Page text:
BEHIND THE BLOODSHED - The Untold Story of America's Mass Shootings
From 2006 to 2017, there have been more than 350 mass killings in the United States.
Well-known images from Newtown, Aurora and Virginia Tech capture the nation's attention, but similar bloody scenes happen with alarming frequency and much less scrutiny.
USA TODAY examined FBI data -- which defines a mass killing as four or more victims -- as well as local police records and media reports to understand mass killings in America. They happen far more often than the government reports, and the circumstances of those killings -- the people who commit them, the weapons they use and the forces that motivate them -- are far more predictable than many might think.
Yet no one is keeping track.
While only about 1% of all murders nationally, mass killings still happen frequently. The FBI data do not include some large states such as Florida, for example. Poor reporting by police agencies to the FBI also means some mass killings were left out, while others that don't meet the standard were included.
Erroneous and excluded cases from 2006 to 2014 leave FBI data with a 57% accuracy rate.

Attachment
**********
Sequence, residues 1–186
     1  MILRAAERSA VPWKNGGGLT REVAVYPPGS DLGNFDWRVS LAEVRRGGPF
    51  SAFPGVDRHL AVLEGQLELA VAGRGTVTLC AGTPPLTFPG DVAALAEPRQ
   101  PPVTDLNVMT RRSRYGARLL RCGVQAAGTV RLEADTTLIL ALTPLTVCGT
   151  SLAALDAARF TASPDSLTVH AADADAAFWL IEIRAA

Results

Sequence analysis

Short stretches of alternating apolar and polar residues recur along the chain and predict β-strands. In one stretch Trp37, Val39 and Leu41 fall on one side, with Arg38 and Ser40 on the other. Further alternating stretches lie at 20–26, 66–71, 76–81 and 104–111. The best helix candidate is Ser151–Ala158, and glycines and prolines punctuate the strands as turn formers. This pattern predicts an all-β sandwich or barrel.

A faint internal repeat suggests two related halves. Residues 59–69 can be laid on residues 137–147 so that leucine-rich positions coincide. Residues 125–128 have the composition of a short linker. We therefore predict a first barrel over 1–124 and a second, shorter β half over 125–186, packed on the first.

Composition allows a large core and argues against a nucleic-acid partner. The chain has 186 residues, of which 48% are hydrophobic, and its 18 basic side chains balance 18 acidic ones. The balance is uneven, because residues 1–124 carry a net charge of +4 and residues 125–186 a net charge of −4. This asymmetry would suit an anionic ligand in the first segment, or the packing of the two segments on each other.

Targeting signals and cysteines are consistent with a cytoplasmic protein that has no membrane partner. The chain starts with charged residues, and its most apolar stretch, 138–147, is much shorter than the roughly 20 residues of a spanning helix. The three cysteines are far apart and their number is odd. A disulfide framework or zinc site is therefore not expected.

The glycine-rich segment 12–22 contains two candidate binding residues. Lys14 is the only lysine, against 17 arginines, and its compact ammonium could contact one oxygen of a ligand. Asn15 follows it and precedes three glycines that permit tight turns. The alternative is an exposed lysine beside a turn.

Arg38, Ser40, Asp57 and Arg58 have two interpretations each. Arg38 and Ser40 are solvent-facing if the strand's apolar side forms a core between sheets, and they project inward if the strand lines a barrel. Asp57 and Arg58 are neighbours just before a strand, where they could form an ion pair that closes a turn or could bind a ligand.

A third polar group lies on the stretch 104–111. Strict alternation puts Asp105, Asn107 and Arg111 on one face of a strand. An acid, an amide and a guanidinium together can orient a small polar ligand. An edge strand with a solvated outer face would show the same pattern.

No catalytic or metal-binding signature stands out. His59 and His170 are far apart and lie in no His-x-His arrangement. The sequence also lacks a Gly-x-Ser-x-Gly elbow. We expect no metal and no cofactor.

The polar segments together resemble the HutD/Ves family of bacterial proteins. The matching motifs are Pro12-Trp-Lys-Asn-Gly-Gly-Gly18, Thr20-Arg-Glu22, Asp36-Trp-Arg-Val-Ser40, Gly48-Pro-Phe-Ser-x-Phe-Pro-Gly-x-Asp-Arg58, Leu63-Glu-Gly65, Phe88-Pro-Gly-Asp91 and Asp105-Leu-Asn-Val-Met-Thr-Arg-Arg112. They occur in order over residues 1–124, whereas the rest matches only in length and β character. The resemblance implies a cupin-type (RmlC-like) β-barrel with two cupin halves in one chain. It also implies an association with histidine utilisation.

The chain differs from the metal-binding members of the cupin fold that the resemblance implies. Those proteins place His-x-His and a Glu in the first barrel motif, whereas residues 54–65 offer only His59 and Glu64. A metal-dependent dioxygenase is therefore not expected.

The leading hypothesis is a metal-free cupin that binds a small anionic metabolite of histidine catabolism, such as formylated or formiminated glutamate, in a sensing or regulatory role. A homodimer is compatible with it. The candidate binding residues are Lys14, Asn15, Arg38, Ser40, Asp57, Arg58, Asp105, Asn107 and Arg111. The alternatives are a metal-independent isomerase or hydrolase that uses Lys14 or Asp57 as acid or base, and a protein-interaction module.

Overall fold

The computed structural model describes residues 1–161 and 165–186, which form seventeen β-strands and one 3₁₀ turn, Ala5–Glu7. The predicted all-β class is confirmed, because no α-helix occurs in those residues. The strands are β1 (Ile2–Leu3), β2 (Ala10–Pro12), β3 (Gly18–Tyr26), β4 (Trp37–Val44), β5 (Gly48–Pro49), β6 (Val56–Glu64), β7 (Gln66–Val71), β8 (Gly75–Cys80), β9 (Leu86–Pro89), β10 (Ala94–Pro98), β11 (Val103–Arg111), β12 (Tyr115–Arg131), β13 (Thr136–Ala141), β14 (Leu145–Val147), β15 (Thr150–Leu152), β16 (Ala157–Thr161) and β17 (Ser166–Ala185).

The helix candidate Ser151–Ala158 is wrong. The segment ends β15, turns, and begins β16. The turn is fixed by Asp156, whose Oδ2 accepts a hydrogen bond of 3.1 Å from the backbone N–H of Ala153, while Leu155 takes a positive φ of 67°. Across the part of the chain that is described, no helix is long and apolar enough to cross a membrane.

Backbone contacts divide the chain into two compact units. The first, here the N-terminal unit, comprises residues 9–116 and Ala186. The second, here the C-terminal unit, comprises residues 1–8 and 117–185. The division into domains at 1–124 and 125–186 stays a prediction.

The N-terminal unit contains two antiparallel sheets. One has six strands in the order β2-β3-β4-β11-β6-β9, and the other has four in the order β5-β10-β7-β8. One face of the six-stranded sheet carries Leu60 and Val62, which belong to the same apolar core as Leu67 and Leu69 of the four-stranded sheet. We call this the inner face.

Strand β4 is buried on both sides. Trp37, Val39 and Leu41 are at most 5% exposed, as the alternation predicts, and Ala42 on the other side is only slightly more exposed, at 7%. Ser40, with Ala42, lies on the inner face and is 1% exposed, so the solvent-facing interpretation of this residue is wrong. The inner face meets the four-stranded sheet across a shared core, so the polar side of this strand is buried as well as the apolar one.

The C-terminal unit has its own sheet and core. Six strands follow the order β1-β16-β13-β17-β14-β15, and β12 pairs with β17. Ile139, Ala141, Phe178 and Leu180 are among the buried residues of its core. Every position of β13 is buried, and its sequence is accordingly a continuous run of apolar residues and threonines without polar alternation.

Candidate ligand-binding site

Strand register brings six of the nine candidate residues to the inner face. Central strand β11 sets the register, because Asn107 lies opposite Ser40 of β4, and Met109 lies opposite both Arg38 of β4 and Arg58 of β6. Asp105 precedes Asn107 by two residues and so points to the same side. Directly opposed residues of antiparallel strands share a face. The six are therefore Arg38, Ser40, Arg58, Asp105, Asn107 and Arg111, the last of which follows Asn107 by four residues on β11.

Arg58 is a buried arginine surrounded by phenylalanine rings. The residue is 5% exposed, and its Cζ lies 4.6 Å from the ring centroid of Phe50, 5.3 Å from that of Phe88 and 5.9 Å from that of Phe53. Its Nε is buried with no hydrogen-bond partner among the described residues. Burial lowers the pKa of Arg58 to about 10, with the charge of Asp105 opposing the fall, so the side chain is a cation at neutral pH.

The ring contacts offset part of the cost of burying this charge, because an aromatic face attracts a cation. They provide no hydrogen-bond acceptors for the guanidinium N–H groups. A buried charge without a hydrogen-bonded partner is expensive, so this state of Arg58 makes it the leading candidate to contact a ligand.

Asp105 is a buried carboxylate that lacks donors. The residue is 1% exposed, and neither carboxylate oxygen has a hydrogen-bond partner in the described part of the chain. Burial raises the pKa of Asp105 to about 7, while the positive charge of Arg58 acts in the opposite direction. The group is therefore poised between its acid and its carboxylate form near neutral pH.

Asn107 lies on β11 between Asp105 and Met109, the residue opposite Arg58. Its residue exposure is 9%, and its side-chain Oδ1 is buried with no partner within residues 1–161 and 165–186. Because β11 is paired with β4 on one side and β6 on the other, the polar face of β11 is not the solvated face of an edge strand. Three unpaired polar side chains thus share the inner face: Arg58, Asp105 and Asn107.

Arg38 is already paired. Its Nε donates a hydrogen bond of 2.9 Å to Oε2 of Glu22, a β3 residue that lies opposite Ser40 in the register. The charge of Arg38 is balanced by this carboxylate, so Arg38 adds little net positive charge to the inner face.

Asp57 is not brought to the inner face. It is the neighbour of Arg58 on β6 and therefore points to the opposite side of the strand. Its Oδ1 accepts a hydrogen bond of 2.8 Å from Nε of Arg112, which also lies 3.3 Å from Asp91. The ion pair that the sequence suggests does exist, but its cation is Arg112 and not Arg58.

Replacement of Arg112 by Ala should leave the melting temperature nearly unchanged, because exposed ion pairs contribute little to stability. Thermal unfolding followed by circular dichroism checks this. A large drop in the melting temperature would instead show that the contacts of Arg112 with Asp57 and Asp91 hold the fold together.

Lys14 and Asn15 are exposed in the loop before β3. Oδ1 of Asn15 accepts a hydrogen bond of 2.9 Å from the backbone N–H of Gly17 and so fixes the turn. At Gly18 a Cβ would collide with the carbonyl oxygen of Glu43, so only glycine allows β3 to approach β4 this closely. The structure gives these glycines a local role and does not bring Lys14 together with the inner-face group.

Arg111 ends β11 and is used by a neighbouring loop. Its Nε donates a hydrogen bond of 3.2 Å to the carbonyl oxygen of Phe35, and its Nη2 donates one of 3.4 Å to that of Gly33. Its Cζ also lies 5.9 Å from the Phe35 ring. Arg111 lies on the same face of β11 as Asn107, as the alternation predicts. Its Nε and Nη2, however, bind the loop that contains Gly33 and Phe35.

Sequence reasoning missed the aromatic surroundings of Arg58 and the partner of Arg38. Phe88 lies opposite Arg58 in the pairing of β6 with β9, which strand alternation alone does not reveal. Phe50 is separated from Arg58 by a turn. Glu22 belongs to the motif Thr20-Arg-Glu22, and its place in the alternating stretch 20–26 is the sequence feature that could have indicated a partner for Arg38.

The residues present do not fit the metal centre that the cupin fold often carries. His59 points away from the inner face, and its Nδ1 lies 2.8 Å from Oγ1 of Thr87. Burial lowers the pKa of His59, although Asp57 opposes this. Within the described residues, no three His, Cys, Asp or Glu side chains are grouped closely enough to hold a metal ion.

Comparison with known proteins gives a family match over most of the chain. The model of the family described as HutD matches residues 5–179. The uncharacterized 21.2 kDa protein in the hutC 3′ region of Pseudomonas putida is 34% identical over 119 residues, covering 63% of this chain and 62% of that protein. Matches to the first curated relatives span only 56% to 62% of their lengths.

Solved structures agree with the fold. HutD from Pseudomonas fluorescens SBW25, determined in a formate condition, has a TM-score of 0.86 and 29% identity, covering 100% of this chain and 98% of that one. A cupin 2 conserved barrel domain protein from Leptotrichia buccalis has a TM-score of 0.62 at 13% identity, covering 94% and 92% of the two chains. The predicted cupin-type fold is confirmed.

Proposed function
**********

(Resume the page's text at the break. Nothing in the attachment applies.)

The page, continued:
Breakups, estrangements and family arguments make up the majority of cases, though unrelated victims may be caught in the crossfire.
A breakup is the trigger behind 1 in 4 mass killings that do not involve strangers, gangs or a robbery gone wrong. Yet the examples below illustrate how holiday stress, a job loss or financial ruin can lead to extreme violence. And often, that violence occurs in families that otherwise seemed normal.
1 in 4 victims were close family members -- children, siblings, spouses, etc.
Many mass killers do not face prosecution. About a quarter commit suicide after the crime, and others are killed by police. Still more are deemed incompetent due to mental illness. When cases do go to trial, they can often take years because of the death penalty or other complications.
THE SUSPECTS: MALE VS. FEMALE
While both men and women commit mass killings, their choices of weapons and the outcomes of their cases are different.
While guns are the most common weapons, a car, a fire or nearly anything at hand can become a weapon. As the cases below show, the killing can be planned or impulsive.
Ineffective protective orders, gaps in the mental health system, immigration bureaucracy and other lapses have been implicated in many cases.
Entire contents of this post courtesy of USA Today. Click HERE for the original story.